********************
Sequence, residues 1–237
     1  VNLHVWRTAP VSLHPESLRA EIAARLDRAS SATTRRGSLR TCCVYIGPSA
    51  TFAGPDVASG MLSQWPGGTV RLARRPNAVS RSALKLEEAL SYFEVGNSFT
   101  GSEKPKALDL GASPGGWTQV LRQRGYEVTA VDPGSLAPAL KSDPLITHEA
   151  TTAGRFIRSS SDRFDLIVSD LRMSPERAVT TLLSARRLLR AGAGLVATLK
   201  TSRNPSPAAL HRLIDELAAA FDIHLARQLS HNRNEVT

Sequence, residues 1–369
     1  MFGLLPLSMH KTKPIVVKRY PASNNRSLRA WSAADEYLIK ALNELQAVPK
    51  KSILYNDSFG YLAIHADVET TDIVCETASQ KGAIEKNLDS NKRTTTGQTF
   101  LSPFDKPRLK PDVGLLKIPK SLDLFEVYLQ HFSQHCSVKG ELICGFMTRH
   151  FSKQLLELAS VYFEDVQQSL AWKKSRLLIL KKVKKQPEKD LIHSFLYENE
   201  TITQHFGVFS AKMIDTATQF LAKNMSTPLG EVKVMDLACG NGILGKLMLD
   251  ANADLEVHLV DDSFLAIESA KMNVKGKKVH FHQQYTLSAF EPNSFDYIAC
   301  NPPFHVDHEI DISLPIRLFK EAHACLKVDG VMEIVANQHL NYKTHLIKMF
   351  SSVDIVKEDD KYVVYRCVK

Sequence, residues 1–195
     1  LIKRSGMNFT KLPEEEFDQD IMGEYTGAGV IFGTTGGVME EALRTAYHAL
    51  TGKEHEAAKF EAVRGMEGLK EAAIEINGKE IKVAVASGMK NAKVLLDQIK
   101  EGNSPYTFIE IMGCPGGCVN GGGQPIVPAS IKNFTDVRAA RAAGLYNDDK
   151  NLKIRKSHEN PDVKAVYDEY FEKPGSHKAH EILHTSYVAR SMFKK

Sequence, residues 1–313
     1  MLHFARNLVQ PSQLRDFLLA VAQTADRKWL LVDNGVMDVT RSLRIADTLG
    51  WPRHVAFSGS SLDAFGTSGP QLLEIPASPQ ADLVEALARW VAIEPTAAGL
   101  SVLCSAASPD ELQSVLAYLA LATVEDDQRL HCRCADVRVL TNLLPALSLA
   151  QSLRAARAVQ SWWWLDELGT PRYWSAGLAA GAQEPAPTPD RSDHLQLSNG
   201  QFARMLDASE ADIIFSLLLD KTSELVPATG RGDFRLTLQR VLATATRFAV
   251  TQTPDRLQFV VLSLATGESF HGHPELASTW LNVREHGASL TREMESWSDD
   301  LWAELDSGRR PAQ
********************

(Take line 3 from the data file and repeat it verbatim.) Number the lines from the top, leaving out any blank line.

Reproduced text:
    51  TFAGPDVASG MLSQWPGGTV RLARRPNAVS RSALKLEEAL SYFEVGNSFT